Wednesday, January 23, 2013

Hollyburn Sew-Along - Sewing the Pockets

Welcome to the next post in the Hollyburn Skirt Sew-along! Today marks the first post where we actually start stitching our skirts together!

Incase you've missed any, here are all the posts so far:
Inspiration (Part 1)
Inspiration (Part 2)
Choosing a view
Choosing and Buying Fabric
Changing the Length
An Interview with Tasia
Pattern Alteration - Removing the Pockets
Pattern Alteration - Piping on your waistband
Prewash and Prepare Fabric
Thoughts on Grading Up in Size
Choices to make before starting to sew

If you take a look at your Hollyburn instructions you'll see that the first sewing steps are for sewing the pocket onto the skirt front pieces. So that's what we'll do today. We will be covering steps 2-6 (step 1 was fusing interfacing to the pieces that require it, which we already did as part of our cutting).

(I've given each mini-step in the process a little heading, so you can see where one stops and the next starts.)

Line up Pocket and Skirt Front
First up, you need to gather your two skirt front pieces and two pocket pieces:

Now lay the pocket piece to the skirt front, right sides together:

The two pairs of pieces will be mirror images of each other:

When you're lining up the pieces, make sure you carefully match the notches at either end of the pocket seam:

Now pin the two layers together so they don't shift before you've stitched them. I like to put my pins perpendicular to the direction of the seam I'm sewing, about 1-2 inches apart on curves, and further apart on straight sections:

Stitch Pocket Opening Seam
Now we need to sew along that curved pocket edge with a 1.5cm/5/8" seam allowance. On my machine all I need to do is make sure that the needle is in the centre position and line up the edge of the fabric with the '15' mark:

Slowly stitch along the edge, keeping the seam allowance equal as you go. At the beginning and end of the seam you'll want to 'back stitch', which means doing a couple of backwards stitches on top of your forward stitches to reinforce the seam.

Make sure you take the pins out just before you get to them, as if the needle hits a pin it can break the needle or the pin and potentially injure you or damage your machine.

Your stitched seam should look something like this:

Quick Tip: Remember to snip off the ends of the threads at the beginning and end of each seam when you're done stitching it

Trim (and Finish) Seam Allowances
Now trim the seam allowances to approximately half the width:

And make a series of snips, about 1 inch apart, along the curved part of the seam. Make sure you don't quite go all the way to the stitching line, and definitely don't go past it:

This next step is not listed in the instructions, and as you're going to understitch anyway it's not absolutely essential, but if you're concerned about your fabric fraying you might want to finish the seam allowances.

(I didn't do this with my linen version, but did with the black one to demonstrate). To do this one your sewing machine, set your machine to a zig-zag stitch and stitch along the edge of the fabric, with the needle going off the edge as you stitch:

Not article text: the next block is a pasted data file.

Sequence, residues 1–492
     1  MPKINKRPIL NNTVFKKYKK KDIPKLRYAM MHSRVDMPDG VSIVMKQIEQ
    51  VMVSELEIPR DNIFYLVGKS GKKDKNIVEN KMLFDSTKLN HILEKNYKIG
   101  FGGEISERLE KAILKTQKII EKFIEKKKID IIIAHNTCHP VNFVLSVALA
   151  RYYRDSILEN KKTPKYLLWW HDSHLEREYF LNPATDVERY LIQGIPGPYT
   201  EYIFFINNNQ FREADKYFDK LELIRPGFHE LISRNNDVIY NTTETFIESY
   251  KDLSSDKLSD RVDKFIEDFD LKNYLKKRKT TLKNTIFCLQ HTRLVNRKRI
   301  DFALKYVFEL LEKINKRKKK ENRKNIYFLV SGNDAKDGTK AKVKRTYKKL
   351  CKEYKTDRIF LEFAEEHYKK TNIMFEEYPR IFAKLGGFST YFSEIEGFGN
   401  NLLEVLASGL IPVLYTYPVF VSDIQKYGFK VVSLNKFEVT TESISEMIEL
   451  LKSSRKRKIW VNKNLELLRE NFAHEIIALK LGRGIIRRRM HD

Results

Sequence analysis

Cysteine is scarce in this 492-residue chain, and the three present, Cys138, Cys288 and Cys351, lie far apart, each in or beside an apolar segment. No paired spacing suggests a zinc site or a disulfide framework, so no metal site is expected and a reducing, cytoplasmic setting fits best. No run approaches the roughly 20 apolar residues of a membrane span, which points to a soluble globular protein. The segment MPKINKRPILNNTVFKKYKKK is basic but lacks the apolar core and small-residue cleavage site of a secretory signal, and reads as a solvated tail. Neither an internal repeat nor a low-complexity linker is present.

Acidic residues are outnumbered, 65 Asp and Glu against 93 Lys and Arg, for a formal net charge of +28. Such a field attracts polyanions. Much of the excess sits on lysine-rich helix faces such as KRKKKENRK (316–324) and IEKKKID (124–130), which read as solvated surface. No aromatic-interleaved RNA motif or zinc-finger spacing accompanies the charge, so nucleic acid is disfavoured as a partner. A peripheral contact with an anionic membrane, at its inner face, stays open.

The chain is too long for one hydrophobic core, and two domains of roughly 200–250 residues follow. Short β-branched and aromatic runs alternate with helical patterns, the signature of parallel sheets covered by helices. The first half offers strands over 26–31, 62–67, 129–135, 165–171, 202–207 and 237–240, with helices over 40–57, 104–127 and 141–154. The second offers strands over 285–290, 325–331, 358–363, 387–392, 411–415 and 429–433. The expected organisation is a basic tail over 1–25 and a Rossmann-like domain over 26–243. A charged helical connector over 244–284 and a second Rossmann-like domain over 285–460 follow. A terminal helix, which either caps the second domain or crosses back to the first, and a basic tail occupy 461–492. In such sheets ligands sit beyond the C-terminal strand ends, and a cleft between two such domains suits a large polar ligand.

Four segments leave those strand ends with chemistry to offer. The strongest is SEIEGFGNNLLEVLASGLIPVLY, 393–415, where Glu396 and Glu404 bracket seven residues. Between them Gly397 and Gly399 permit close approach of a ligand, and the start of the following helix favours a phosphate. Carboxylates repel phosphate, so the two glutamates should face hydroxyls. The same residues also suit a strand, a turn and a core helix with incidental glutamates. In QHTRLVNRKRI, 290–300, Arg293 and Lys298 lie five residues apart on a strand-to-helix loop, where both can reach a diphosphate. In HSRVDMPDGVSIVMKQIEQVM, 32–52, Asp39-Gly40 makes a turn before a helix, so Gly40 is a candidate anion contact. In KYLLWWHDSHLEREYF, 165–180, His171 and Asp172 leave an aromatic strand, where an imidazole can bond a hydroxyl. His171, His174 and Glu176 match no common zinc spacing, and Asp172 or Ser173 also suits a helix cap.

As you get to the curved edge gently pull it straight, the snips will separate making little gaps as they will when you turn it right sides out. When you're done it'll look something like this:

I like to do this step after doing the snips as now there are little chains of thread in those gaps, which stops my zig-zag from potentially unraveling (as it would if I snipped after zig-zagging).

Understitch Pocket Opening Seam
Now we need to understitch the seam allowance of the seam we just sewed. Adding this line of understitching will encourage the seam allowances to sit in the correct place and give the pocket a much neater edge.

Open out the seam we just stitched and ensure that the seam allowances are facing towards the pocket piece. In this photo the pocket is on the right, and the skirt front on the left:

Now we need to do a line of stitching just to the side of the seam on the pocket piece, stitching the seam allowances and the pocket together. I have a top-stitching foot for my machine, which has a piece of black metal down the middle in front of the foot, which helps me keep a straight line. Using this foot, I line up that piece of metal with the seam and then move the needle to the right very slightly so that I'm stitching just to the right of the seam:

If you don't have a top-stitching foot you can just use your normal foot and carefully keep the seam line just to the right of your needle:

As you stitch, make sure you keep the seam pulled open fairly taught, and make sure that the seam allowance is still facing towards the pocket:

And that's understitching! Your understitching should look something like this (can you just about see the seam allowance through the fabric?):

Press Pocket Opening Seam
Now to press that beautiful seam you've just done. On your ironing board, place the pocket right sides together, with the pocket facing up. Now carefully press the pocket seam so that the seam line is just to the inside of the pocket: